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Today's Stichomancy for Sharon Stone

The first excerpt represents the past or something you must release, and is drawn from Riders of the Purple Sage by Zane Grey:

he must decide the future of the girl who loved him and whom he loved. The first of these things required tremendous effort, the last one, concerning Bess, seemed simply and naturally easy of accomplishment. He would marry her. Suddenly, as from roots of poisonous fire, flamed up the forgotten truth concerning her. It seemed to wither and shrivel up all his joy on its hot, tearing way to his heart. She had been Oldring's Masked Rider. To Venters's question, "What were you to Oldring?" she had answered with scarlet shame and drooping head.

"What do I care who she is or what she was!" he cried, passionately. And he knew it was not his old self speaking. It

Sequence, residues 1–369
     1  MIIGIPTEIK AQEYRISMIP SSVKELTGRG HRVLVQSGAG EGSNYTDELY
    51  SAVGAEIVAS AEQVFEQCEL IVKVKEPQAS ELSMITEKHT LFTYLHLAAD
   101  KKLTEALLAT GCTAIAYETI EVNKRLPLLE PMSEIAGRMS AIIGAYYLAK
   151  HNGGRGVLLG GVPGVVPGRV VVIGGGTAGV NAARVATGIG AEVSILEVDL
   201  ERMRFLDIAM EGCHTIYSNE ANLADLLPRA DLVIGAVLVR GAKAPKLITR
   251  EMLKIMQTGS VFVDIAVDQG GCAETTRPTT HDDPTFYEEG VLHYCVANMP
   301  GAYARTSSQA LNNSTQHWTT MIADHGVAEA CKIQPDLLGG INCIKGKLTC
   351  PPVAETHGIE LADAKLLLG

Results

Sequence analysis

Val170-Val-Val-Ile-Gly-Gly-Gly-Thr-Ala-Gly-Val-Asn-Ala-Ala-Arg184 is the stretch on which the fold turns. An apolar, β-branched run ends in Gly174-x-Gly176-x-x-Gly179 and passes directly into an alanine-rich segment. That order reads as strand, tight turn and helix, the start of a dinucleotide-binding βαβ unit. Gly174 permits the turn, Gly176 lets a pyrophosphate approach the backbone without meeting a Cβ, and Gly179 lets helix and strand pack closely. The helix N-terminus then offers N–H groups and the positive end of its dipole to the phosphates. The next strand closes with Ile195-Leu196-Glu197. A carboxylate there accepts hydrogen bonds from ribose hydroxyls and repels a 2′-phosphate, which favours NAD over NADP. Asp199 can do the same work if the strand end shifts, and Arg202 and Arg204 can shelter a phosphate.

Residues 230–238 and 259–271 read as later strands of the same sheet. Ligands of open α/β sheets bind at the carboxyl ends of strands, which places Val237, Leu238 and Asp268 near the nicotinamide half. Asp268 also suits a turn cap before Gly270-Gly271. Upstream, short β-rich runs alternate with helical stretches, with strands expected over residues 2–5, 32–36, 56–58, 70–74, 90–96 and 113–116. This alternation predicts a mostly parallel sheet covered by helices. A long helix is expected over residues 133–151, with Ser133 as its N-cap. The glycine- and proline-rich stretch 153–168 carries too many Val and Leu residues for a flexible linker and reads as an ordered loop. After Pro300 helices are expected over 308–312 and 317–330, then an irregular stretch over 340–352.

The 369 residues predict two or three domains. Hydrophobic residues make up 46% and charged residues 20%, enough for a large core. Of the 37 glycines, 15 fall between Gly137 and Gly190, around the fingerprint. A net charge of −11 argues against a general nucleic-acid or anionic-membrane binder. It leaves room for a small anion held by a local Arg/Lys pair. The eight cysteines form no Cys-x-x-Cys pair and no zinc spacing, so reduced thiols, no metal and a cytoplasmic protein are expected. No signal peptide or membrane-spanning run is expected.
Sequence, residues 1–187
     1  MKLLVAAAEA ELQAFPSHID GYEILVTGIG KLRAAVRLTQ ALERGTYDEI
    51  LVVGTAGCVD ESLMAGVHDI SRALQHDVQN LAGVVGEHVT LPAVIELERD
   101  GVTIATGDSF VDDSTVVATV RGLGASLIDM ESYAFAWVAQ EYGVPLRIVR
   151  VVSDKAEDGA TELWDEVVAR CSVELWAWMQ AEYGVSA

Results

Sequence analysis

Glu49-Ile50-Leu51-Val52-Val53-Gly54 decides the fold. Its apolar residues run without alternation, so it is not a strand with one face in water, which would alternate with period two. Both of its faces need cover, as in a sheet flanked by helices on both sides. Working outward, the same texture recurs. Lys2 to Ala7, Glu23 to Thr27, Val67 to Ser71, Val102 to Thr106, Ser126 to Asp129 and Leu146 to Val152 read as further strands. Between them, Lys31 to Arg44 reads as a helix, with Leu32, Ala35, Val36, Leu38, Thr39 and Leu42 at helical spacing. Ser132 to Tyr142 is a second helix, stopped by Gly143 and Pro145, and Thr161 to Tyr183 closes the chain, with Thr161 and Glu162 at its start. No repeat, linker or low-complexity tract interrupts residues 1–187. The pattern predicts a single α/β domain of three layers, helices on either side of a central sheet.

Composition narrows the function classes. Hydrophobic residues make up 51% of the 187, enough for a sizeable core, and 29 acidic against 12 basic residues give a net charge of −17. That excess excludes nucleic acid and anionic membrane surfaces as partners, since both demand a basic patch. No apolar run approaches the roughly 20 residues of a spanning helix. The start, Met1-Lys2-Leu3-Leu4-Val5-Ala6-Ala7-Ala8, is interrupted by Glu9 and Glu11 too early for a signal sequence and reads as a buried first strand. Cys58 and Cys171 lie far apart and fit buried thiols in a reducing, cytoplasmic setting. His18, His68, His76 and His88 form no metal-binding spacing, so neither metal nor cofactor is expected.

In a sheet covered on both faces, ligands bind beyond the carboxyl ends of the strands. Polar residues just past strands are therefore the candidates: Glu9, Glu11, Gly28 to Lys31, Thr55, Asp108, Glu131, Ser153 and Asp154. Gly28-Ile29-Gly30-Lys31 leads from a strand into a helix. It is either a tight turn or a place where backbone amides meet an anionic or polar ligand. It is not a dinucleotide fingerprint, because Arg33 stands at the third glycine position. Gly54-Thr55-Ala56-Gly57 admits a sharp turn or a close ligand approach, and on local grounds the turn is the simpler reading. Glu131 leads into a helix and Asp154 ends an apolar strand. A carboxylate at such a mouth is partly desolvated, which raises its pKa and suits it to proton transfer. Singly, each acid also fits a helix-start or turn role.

Riders of the Purple Sage
The second excerpt represents the present or the deciding factor of the moment, and is drawn from Dark Lady of the Sonnets by George Bernard Shaw:

offended, as children do. That is all.

THE BEEFEATER. Ay, sir: words, words, words. Mere wind, sir. We fill our bellies with the east wind, sir, as the Scripture hath it. You cannot feed capons so.

THE MAN. A good cadence. By your leave _[He makes a note of it]._

THE BEEFEATER. What manner of thing is a cadence, sir? I have not heard of it.

THE MAN. A thing to rule the world with, friend.

THE BEEFEATER. You speak strangely, sir: no offence. But, an't like you, you are a very civil gentleman; and a poor man feels drawn to you, you being, as twere, willing to share your thought with him.

The third excerpt represents the future or something you must embrace, and is drawn from Anne of Green Gables by Lucy Maud Montgomery:

kitchen door so out of breath that she could hardly gasp out her request for the apron pattern. Diana was away so that she had no excuse to linger. The dreadful return journey had to be faced. Anne went back over it with shut eyes, preferring to take the risk of dashing her brains out among the boughs to that of seeing a white thing. When she finally stumbled over the log bridge she drew one long shivering breath of relief.

"Well, so nothing caught you?" said Marilla unsympathetically.

"Oh, Mar--Marilla," chattered Anne, "I'll b-b-be contt-tented with c-c-commonplace places after this."

CHAPTER XXI


Anne of Green Gables